This meant that the defeated Blues returned home to a carnival atmosphere, with the inflatable bananas that became famous by the city faithful in the 1980s, scattered over a large crowd of people.

A young Manchester City supporter watches from the crowd during the match against Hamburg during the UEFA Cup quarter-final second leg football match at the City of Manchester Stadium in Manchester on April 16, 2009. Manchester City won the match 2-1, but Hamburg advance to the semi-finals win 4 -3 overall.
It was a ‘kids for a quid’ night when Hamburg came to town

Hughes’ team started as a train, but Hamburg’s superior technical quality was again evident, and Guerrero’s early goals left them with a mountain to climb.

The turnaround began when City’s most diligent and reliable sherpa, Pablo Zabaleta, won a crushing 50-50 tackle in the midfield (this was the often forgotten midfielder segment in Zaba’s City career). It was an insignificant moment in terms of game flow, but the noise level went through the roof. A capacity crowd collectively said, “If Pablo is not done, we are not done.”

Elano Show

Then a more refined South American talent took center stage. Elano had endured a difficult season under Hughes, but he was simply irresistible to a Hamburg team that could not cope with his playmaking from the right.

Trochowski handled an Elano ball into the box after 15 minutes, and the Brazilian farmer was typically dead-eyed from the penalty spot.

His shot from outside the box felt just as deadly that night, and he struck a 30-yard free-kick against the crossbar with the outside of his right boot before half-time.

MANCHESTER, UNITED KINGDOM - APRIL 16: Elano from Manchester City scores his team's first goal from the penalty spot during the second match of the UEFA Cup quarter-final between Manchester City and Hamburg SV at the City of Manchester Stadium on April 16, 2009 in Manchester.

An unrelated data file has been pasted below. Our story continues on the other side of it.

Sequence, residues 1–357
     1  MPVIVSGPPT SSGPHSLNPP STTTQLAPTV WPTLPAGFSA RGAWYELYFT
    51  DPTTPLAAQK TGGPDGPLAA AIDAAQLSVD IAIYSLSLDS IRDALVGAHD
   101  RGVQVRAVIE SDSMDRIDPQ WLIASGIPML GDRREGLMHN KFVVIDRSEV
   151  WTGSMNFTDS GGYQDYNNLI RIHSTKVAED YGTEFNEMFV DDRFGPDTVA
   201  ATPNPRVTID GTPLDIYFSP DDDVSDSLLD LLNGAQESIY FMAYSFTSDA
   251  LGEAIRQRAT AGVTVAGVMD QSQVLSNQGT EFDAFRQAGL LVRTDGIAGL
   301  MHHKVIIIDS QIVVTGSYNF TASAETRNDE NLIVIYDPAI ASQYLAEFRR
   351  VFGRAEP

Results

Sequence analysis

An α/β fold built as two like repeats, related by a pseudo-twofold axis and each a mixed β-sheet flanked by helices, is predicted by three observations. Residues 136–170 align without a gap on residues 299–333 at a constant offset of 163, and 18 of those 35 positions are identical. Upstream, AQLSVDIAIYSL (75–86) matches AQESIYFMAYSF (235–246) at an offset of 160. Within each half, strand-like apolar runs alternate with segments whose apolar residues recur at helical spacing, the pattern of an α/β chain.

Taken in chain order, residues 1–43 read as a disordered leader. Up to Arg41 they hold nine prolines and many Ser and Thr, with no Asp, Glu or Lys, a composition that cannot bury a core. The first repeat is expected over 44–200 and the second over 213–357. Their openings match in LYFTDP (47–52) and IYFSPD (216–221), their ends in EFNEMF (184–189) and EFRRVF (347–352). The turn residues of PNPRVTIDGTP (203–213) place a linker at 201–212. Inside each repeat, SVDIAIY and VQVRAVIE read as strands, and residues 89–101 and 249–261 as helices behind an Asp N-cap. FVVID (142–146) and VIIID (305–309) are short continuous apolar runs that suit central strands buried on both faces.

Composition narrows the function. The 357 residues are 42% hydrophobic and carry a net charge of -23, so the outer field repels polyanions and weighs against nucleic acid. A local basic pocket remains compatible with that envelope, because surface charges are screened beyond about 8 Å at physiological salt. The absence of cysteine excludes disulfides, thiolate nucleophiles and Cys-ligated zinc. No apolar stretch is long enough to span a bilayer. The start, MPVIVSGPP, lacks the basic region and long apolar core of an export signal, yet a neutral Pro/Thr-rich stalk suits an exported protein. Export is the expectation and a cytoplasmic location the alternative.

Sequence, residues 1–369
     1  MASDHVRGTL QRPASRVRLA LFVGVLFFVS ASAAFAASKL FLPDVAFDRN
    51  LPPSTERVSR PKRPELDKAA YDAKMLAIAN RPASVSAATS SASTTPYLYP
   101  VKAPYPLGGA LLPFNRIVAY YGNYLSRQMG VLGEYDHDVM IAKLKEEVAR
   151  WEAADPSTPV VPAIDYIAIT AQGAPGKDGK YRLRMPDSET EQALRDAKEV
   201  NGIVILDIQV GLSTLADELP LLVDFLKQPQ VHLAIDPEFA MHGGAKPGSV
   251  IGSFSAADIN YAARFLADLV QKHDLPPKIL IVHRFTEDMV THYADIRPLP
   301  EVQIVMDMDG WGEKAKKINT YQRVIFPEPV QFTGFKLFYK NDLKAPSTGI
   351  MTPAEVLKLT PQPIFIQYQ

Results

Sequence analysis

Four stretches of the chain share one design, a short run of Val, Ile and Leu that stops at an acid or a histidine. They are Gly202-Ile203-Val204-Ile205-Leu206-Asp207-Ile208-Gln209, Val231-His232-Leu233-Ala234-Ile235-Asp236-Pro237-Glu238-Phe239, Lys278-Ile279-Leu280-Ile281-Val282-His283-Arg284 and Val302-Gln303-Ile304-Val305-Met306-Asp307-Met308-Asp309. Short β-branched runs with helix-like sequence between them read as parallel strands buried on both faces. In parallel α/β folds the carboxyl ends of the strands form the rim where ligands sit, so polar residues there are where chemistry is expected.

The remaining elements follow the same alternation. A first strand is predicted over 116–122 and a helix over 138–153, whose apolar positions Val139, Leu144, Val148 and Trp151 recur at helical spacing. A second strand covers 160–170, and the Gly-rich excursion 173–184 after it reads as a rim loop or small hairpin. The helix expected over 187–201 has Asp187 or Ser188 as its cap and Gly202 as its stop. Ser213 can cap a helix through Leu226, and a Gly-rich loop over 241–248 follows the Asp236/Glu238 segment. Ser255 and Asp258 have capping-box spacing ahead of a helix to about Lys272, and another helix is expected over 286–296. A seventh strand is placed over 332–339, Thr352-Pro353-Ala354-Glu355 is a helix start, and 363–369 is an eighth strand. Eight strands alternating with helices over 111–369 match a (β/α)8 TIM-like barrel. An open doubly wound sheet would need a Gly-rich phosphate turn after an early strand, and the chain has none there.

Elano was, as always, reliable from the penalty spot.

Felipe Caicedo led the line superbly and his quick footwork at the end of Ireland’s pass gave City the lead last night.

Hamburg goalkeeper Frank Rost was rooted again when Elano curled a 25-yard free-kick against the post.

A quick Elano corner caught Rost, but Caicedo was unable to convert with the goal at his mercy, and City continued to flow forward, even after skipper Richard Dunne received another yellow card, but Richards and Daniel Sturridge could not convert late options as decibel levels increased.

City were still hailed from the pitch as heroes, and Berger wonders if it was worth the effort for Hamburg as they suffered a big loss to Nordderby rivals Werder Bremen in the semi-finals.

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“Looking back, it would have been better if we lost to City and then did not get into the next stage against Bremen. It would have been less painful, ”he said.

“It was famous matches, but it would have been better to lose against City.”

Given the great victories and trophies that have followed, it is a bit peculiar that the 90-minute glorious failure against Hamburg remains so fondly remembered by those present.

Maybe it’s because it was that night, a stadium that was inherited only six years earlier, really came to feel like home, the night where everything really felt possible for the first time.

What are your memories of Hamburg UEFA Cup matches? Follow City Is Our editor Dom Farrell on Twitter and join the discussion in the comments section.